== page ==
PhD Thesis

To me, the most fascinating aspect of software is its potential to be used, shaped, and, to some extent, even created by people with non-software related professions.  This is more or less in line with the value proposition of Model-Driven Engineering (MDE), a sub-field of Software Engineering that aims to replace code with higher abstractions referred to as “models” (think state machines, flowcharts, class diagrams, and you’re in the right area).

Although technically promising, MDE has historically been plagued by its reliance on tools that were difficult to learn and use productively by software developers, let alone domain experts in other fields. This is the pain point I addressed in my PhD research, for which I was fortunate enough to work under the supervision of Harald Störrle at the Technical University of Denmark.

For more details, you can read the abstract of my thesis bellow, download the thesis from DTU Orbit, or have a look at my defense slides.


End-user modelers are domain experts who create and use models as part of their work. They are typically not Software Engineers, and have little or no programming and meta-modeling experience. However, using model manipulation languages developed in the context of Model-Driven Engineering often requires such experience. These languages are therefore only used by a small subset of the modelers that could, in theory, benefit from them.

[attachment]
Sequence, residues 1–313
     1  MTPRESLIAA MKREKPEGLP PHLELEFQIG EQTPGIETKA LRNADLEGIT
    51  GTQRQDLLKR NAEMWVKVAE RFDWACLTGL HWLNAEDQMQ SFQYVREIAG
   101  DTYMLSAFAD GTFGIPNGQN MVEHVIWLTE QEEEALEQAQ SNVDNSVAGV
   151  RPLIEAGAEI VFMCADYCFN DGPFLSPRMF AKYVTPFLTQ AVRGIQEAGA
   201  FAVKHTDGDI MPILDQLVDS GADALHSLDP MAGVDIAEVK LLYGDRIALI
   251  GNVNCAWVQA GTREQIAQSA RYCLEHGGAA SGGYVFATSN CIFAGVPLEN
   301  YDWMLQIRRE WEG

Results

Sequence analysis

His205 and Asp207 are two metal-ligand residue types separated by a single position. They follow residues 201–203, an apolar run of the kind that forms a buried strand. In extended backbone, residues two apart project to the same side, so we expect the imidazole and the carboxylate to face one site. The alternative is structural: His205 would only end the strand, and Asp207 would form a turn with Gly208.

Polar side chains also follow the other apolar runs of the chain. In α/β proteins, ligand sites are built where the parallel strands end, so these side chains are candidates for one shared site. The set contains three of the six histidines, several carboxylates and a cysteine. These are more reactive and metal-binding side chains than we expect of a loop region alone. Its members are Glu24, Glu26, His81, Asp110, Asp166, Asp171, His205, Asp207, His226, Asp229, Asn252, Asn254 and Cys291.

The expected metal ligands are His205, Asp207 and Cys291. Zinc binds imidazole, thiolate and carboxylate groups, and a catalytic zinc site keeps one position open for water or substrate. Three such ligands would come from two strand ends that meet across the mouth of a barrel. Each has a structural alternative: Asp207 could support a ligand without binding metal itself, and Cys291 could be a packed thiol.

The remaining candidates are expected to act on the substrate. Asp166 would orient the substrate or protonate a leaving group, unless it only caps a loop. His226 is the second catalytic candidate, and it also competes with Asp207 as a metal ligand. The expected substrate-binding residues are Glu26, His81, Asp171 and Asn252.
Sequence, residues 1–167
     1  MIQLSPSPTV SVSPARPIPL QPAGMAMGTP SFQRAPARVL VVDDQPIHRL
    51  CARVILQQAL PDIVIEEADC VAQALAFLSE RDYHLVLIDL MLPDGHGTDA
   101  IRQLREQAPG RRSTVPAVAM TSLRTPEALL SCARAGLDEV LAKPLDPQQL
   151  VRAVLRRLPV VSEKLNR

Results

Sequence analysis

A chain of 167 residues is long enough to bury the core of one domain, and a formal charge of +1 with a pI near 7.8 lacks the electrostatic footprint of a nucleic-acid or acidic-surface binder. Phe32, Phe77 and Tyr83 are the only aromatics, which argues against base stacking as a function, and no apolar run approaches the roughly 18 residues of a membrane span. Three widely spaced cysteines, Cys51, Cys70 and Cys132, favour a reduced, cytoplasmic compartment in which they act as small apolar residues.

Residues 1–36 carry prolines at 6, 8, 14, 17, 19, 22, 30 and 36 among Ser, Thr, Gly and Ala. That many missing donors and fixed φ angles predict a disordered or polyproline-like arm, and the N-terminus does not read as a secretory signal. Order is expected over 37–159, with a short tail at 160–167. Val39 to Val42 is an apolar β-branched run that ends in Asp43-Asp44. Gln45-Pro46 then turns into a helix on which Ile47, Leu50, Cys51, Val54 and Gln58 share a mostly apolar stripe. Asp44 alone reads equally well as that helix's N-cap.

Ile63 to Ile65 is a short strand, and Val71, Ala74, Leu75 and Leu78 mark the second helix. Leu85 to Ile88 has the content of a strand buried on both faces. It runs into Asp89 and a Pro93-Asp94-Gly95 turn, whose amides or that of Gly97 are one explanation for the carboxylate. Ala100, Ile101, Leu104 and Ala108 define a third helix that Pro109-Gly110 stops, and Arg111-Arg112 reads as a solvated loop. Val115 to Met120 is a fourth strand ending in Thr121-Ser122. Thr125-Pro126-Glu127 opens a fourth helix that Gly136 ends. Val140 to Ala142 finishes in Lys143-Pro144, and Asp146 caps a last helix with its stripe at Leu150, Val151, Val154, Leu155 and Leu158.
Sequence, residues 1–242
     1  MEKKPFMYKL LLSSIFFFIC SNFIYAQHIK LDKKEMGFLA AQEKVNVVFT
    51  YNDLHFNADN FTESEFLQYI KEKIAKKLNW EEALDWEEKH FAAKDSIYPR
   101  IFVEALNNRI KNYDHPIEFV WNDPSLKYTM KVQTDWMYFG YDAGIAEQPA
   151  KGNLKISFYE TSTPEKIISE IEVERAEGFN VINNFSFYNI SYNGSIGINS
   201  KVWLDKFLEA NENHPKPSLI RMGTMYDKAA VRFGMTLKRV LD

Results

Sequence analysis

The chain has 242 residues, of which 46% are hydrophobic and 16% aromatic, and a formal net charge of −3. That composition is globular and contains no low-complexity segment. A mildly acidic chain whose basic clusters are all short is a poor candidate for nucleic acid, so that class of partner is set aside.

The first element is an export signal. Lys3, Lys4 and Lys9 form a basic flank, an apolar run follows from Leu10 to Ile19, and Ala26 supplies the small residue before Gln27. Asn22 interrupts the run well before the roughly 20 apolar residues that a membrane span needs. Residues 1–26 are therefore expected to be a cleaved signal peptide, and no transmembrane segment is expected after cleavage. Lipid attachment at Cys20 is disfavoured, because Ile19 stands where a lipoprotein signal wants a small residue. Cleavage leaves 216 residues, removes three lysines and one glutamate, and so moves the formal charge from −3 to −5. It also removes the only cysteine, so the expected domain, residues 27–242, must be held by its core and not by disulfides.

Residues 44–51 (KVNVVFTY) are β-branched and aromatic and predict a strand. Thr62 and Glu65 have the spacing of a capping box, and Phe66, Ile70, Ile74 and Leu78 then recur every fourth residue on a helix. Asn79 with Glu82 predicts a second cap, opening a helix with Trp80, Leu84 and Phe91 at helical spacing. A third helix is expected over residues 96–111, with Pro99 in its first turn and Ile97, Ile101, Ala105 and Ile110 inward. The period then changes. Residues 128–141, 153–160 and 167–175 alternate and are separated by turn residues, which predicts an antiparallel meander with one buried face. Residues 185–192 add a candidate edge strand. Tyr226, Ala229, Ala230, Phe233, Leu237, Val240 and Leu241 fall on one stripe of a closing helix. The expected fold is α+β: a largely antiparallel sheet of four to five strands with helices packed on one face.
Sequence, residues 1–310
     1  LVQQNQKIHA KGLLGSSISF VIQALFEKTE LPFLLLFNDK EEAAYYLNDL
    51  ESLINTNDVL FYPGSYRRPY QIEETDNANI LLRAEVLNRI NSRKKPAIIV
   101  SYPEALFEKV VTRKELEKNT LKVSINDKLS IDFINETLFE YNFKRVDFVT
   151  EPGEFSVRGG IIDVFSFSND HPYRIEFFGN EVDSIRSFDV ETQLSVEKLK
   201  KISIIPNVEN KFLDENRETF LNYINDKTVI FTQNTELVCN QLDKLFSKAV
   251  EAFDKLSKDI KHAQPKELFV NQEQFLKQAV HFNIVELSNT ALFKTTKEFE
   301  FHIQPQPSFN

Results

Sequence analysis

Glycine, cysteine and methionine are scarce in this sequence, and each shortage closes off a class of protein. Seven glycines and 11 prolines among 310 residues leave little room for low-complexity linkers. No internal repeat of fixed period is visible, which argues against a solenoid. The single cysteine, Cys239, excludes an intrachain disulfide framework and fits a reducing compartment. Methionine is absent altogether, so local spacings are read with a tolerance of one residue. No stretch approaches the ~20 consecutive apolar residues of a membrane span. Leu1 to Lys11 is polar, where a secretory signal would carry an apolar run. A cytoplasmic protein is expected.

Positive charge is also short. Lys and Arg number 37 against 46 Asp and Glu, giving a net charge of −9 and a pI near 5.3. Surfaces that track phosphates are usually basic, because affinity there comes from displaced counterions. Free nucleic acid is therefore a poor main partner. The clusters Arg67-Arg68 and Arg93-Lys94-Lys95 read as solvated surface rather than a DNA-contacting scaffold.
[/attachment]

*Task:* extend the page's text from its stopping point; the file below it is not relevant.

The goals of this thesis are to substantiate this observation, introduce the concepts and tools required to overcome it, and provide empirical evidence in support of these proposals. To achieve its first goal, the thesis presents the findings of a Systematic Mapping Study showing that human factors topics are scarcely and relatively poorly addressed in model transformation research. Motivated by these findings, the thesis explores the requirements of end-user modelers, and proposes the VM* family of model manipulation languages addressing them. This family consists of the Visual Model Query Language (VMQL), the Visual Model Constraint Language (VMCL), and the Visual Model Transformation Language (VMTL). They allow modelers to specify and execute queries, constraints, and transformations using their modeling notation and editor of choice.

The VM* languages are implemented via a single execution engine, the VM* Runtime, built on top of the Henshin graph-based transformation engine. This approach combines the benefits of flexibility, maturity, and formality. To simplify model editor integration, the VM* Runtime is deployed as a collection of lightweight Web Services. The claim that VM* languages offer end-user modelers superior learnability compared to existing model manipulation languages is verified empirically via user experiments complemented by qualitative evidence.